S Jaishankar (left) spoke at the 2020 Raisina Dialogue, co-hosted by ORF, a few months after his son, Dhruva, was hired by the think tank. In 2017, when Jaishankar was the foreign secretary and his son was with Brookings India, Dhruva said his father had never made an appearance under the aegis of his employer as part of a “firewall” against conflicts of interest.SHAHBAZ KHAN/ PTI
Published in Caravan Magazine. 1 January 2021
When Dhruva Jaishankar was a fellow at Brookings India, in 2017, I sent him questions for a story I was reporting on the think tank for The Wire. His father, S Jaishankar, was then the foreign secretary, and I asked Dhruva what any diligent journalist would under the circumstances: Did his simultaneous position as a private foreign-policy professional and the son of the country’s top diplomat present any conflicts of interest? “Any potential conflicts of interest are easily navigated by preserving a firewall between my professional and personal lives,” he wrote back. “For example, Brookings India is the only major Indian foreign policy think tank at which the current foreign secretary has not made a speech or appearance.”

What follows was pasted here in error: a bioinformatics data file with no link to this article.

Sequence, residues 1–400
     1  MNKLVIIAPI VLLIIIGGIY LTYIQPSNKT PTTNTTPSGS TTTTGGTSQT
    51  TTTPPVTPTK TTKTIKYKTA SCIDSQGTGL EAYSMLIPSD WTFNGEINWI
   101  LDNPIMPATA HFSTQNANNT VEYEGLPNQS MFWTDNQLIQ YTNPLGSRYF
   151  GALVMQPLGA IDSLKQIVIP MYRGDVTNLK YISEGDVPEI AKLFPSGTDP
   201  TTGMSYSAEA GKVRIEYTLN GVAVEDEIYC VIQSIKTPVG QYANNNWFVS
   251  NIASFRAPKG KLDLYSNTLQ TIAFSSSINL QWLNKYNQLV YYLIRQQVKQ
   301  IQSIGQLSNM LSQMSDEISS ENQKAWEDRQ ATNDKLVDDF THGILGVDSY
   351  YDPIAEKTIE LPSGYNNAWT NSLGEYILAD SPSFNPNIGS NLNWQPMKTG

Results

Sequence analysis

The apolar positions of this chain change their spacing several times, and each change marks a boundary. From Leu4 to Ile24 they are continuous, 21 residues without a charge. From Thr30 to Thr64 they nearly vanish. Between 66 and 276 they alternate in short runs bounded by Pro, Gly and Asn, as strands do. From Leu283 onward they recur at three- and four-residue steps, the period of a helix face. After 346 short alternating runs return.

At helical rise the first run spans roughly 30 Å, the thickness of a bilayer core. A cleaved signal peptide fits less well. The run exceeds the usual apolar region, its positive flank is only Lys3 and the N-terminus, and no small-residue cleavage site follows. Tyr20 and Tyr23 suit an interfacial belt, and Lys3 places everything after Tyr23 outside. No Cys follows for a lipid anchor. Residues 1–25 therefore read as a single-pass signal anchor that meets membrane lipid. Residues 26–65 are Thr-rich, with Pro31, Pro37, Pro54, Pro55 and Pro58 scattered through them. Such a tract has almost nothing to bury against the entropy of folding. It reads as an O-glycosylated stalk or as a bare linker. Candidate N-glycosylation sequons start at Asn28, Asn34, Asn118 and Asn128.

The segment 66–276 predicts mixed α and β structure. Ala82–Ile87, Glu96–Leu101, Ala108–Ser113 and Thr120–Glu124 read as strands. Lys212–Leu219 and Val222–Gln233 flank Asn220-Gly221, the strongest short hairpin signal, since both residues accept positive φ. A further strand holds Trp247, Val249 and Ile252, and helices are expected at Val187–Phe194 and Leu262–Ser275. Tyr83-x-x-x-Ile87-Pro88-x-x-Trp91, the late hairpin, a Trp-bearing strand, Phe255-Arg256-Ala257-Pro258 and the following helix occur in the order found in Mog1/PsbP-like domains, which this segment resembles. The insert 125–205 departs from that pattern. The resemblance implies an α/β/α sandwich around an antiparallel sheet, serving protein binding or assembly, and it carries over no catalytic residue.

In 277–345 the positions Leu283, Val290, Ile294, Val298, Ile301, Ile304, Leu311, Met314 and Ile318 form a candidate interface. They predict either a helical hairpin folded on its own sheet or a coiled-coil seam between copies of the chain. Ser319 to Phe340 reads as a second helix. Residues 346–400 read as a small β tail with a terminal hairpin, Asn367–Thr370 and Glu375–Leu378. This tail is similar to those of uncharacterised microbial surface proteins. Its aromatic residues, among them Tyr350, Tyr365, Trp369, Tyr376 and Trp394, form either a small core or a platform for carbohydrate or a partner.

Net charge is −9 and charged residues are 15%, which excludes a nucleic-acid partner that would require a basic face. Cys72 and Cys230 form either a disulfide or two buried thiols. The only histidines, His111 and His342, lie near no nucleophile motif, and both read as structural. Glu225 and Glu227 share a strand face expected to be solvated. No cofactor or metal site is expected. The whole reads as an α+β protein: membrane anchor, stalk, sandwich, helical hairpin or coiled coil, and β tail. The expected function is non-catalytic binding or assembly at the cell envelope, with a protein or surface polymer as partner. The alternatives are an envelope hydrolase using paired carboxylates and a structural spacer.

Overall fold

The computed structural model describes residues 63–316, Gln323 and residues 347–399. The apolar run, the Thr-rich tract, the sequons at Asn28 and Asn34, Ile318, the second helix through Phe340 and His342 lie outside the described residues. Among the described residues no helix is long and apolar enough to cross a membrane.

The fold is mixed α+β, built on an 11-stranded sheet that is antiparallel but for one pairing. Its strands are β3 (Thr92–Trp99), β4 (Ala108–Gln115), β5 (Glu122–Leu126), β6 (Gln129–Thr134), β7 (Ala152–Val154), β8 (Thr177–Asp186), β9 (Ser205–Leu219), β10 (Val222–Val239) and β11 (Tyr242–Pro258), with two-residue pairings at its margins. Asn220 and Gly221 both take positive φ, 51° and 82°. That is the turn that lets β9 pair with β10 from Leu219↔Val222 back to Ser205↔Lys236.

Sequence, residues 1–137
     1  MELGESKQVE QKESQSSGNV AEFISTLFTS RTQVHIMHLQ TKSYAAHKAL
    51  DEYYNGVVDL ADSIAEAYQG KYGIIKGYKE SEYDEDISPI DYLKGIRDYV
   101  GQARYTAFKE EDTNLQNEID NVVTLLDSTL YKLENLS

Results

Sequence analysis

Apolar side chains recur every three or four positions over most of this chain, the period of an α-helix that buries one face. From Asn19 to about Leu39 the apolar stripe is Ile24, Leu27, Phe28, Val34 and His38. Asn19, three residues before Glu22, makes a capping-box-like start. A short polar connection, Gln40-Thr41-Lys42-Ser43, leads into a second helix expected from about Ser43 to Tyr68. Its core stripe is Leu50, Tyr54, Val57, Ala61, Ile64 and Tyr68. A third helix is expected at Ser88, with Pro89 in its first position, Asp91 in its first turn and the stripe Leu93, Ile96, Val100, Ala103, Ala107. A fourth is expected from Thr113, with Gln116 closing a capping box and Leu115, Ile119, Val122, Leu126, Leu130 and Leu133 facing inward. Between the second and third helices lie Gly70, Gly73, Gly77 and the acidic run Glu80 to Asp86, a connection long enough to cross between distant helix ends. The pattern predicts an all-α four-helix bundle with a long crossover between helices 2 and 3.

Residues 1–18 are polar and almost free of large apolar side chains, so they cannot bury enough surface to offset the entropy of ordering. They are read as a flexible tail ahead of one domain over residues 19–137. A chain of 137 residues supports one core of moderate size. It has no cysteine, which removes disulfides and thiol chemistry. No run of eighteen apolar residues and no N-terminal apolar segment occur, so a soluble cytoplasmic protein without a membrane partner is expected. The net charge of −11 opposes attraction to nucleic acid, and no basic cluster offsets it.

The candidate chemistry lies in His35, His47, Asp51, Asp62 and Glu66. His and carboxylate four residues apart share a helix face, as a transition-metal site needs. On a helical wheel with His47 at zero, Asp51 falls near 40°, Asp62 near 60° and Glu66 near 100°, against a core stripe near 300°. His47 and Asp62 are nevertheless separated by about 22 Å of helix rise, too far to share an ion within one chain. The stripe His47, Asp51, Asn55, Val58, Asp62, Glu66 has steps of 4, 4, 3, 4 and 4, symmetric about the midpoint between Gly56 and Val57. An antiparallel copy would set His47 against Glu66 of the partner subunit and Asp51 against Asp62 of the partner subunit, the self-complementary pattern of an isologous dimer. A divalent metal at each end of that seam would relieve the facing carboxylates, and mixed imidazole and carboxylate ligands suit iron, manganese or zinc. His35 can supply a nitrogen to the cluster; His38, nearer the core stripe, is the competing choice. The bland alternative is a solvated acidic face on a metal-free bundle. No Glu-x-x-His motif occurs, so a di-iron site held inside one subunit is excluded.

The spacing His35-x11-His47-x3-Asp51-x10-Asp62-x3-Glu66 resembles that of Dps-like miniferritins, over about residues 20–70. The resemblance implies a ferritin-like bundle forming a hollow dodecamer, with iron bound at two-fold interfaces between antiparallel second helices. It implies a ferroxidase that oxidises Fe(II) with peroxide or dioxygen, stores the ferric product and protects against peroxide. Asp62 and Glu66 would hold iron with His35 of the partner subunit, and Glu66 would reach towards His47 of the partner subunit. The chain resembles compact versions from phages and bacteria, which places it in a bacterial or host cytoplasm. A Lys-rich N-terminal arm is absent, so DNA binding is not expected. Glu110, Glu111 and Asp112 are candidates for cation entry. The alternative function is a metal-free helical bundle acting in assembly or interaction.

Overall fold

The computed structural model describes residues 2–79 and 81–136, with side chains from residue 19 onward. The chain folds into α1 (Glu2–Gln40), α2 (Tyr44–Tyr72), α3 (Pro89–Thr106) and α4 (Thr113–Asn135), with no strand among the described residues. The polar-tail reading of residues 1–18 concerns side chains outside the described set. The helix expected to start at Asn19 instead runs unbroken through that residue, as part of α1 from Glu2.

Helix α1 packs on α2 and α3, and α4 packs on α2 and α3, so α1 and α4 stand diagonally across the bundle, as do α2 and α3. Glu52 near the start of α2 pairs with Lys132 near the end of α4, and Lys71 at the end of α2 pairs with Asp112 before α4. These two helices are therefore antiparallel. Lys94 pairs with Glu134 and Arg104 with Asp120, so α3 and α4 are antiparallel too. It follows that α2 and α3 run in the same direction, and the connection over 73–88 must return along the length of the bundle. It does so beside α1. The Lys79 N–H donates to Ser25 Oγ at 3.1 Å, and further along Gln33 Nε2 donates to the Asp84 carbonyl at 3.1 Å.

Jaishankar was appointed the minister of external affairs in May 2019, and Dhruva joined Observer Research Foundation that September, as the director of its new US initiative, with a base in Washington, DC. In January 2020, Jaishankar appeared in his official capacity at an ORF event to launch a book co-authored by the think tank’s president, Samir Saran. Both father and son were speakers that same month at the Raisina Dialogue, a showpiece annual geopolitical forum organised jointly by ORF and the ministry of external affairs. In September, when Jaishankar launched a book of his own, The India Way, the think tank hosted an online discussion to commemorate the event, with the minister in conversation with Saran. The firewall the Jaishankars had once maintained was crumbling, if not entirely gone...